Barack Obama’s initial six months in the presidency were rich in symbolics. No one could have misunderstood his intention when he anointed Al-Arabiya, Dubai-based and Saudi-owned, to be the first of the world’s television networks to interview him from the White House.
Not surprisingly, the reporter began by asking what Obama meant when he promised “aggressive peacemaking between the Palestinians and the Israelis.” The president responded lamely by alluding to George Mitchell, his already-designated special envoy to the problem, as “somebody of enormous stature. He is one of the few people who have international experience brokering peace deals.” As if the nasty Irish quarrel was at all comparable to the historical and meta-historical warfare between Zion and Araby. Then, two more fawning asides about Mitchell, thought of as the deus ex machina for the president’s predicament, and one allusion to King Abdullah of Saudi Arabia for having “great courage,” a prelude to Obama’s undignified curtsy in Riyadh.
When Obama speaks about Islam it is mostly blah, blah, blah:
“…the same respect and partnership that America had with the Muslim world as recently as 20 or 30 years ago, there’s no reason we can’t restore that.”
Did not Obama realize, did not his advisers tell him, that the very day he was addressing the Islamic orbit was the 30th anniversary of the shah’s abdication? The Ayatollah Khomeini wrote the acrid script for American-Islamic relations from 1979 onwards, exacerbating the ongoing conflict in Lebanon (where 17 American diplomats and then 241 US Marines were murdered in two separate incidents, and 56 French soldiers besides), sharpening the hostility of Syria toward the West, eroding the progressive reforms — yes, the shah’s progressive reforms — in Iran itself. And how about Obama’s careless reference to peace two decades back? The Gulf War, for one, which really was the beginning of the conflict against Saddam Hussein that has not yet ended, and, since it was always a sectarian conflict, will not likely end soon. The Afghani fratricide is an antique phenomenon, reinvigorated by Obama himself as the “yes, we can” war, but now being left to fester, ancient hatreds on ancient turf, and spread to the paradigmatic non-nation-state of Pakistan.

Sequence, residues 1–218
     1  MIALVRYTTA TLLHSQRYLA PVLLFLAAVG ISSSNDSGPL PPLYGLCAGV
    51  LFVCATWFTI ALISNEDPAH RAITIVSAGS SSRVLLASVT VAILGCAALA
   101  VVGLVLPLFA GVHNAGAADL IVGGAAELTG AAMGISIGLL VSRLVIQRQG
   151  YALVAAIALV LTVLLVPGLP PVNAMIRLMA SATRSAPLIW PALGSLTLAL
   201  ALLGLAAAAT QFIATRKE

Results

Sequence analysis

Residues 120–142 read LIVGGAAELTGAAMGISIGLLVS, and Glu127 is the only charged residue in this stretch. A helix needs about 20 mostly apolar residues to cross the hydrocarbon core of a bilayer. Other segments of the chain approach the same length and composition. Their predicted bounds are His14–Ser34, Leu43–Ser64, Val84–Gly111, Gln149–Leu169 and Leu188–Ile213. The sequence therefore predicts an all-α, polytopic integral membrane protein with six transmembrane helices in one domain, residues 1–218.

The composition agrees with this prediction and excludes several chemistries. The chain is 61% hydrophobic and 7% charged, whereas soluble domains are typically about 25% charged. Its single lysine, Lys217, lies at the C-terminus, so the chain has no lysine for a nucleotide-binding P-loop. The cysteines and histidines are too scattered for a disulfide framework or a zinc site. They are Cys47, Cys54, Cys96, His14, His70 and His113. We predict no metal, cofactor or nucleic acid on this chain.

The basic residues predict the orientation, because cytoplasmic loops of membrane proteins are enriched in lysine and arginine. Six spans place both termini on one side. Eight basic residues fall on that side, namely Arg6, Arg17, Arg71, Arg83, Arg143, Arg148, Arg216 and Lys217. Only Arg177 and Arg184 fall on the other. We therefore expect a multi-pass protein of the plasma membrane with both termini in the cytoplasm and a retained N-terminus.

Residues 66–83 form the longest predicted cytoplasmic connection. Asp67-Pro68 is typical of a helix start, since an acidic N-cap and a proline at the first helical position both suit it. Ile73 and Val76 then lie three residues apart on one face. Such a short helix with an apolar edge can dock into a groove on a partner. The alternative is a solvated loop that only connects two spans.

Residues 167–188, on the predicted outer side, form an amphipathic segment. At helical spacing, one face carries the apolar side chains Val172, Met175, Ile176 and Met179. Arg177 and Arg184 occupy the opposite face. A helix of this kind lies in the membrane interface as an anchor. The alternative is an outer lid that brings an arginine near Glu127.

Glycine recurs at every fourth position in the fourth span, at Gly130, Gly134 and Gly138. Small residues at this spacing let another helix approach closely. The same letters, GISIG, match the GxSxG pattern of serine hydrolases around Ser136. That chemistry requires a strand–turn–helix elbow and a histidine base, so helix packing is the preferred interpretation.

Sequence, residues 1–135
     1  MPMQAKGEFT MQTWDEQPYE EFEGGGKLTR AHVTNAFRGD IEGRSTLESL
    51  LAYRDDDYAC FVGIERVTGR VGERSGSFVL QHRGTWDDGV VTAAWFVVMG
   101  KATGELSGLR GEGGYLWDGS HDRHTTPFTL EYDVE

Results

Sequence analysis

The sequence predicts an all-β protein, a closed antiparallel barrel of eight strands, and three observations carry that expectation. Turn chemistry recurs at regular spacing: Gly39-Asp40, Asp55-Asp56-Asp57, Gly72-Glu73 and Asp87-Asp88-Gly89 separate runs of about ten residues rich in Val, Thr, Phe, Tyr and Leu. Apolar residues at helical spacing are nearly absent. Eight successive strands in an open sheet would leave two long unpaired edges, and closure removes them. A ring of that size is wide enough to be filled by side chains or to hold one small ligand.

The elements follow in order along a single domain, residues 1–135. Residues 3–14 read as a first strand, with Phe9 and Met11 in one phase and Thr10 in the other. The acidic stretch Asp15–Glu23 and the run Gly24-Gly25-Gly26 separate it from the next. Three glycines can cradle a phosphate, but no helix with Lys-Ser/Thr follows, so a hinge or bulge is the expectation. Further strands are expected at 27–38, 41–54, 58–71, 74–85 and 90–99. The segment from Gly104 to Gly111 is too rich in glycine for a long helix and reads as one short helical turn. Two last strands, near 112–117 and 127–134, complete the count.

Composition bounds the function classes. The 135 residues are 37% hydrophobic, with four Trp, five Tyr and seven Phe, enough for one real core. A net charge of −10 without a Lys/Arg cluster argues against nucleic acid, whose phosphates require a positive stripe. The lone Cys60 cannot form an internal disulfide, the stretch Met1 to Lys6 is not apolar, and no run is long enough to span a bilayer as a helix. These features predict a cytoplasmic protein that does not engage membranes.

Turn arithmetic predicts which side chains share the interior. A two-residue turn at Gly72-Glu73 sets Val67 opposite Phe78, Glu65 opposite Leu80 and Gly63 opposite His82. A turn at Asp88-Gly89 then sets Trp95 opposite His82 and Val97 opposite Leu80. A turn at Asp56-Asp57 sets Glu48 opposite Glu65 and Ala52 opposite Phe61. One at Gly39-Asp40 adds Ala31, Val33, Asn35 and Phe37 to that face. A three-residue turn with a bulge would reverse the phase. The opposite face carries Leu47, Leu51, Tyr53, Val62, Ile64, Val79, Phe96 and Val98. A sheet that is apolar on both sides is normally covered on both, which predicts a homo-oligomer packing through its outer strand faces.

So is Islam a religion of peace, even if you set aside Syria and Yemen, Mali, Nigeria and all the others? Will some Muslim leaders, somewhere, anywhere, call their faithful to the streets to protest and condemn the ritual fratricide of their own?
Actually, no one expected Obama to call attention to the Turkish genocide against the Armenians on his visit to Turkey that April. Unlike the Germans, who are hewn to a philosophical tradition of guilt and remorse and have put themselves and their youth through an unforgiving struggle of conscience, Islam does not traffic in matters of collective guilt and remorse. These are not categories of the faith, and Obama did not nothing to disturb the self-satisfied temper of the faithful. Having anointed Recep Tayyip Erdogan his favorite Muslim, he brought comfort, if not exactly good cheer, to Ankara. The most brazen instance, given the fact that America is not a member of the European Union and that the Europeans do not trust him, was the president’s endorsement of Turkey’s admission to the common market. If anything, Obama’s advice left the continent very much peeved. Where does he come off telling us who is family?
He also had an assignment for Turkey in resolving the historic struggle between Israel and the neighborhood within which it lives. “Like the United States,” Obama declared in a sloppy, all-too-facile analogy, “Turkey has been a friend and partner in Israel’s quest for security.” Now, the fact is that the editor of this very page was perhaps the first American journalist to chronicle the Erdoganian view of the world and his weird affinities for weirder allies. Already in 2006, he had noticed the prime minister’s weakness for the body parts blood libel implicating both Israel and our country. Apparently, neither the president nor his scriptwriters were aware of the cranky Ottomanist elements in Erdogan’s Middle East strategy. Anyway, Ankara has never let go of the Mavi Marmara pretension that you can break a legal international blockade against a rogue not-at-all statelet without cost or intervention. What was Netanyahu to do? Let the Turkish “humanitarians” run the blockade and invite anyone and everyone to follow suit?
The fact is that Obama is afflicted with a certain Turkomania, and it persuaded him that the US could trust Erdogan’s lead in Syria, way past the time he had shown that he was not inclined to do so. Erdogan suffers from Kurdophobia, which stays his hand in Syria, however much his early but sudden antagonism to the Assad regime in the civil war may have suggested otherwise. Indeed, as soon as Turkey let pass the shooting down of its bomber by Damascus, it no longer had credibility as a big player in the conflict. But Obama had trusted Erdogan to lead, and, predictably, he did not.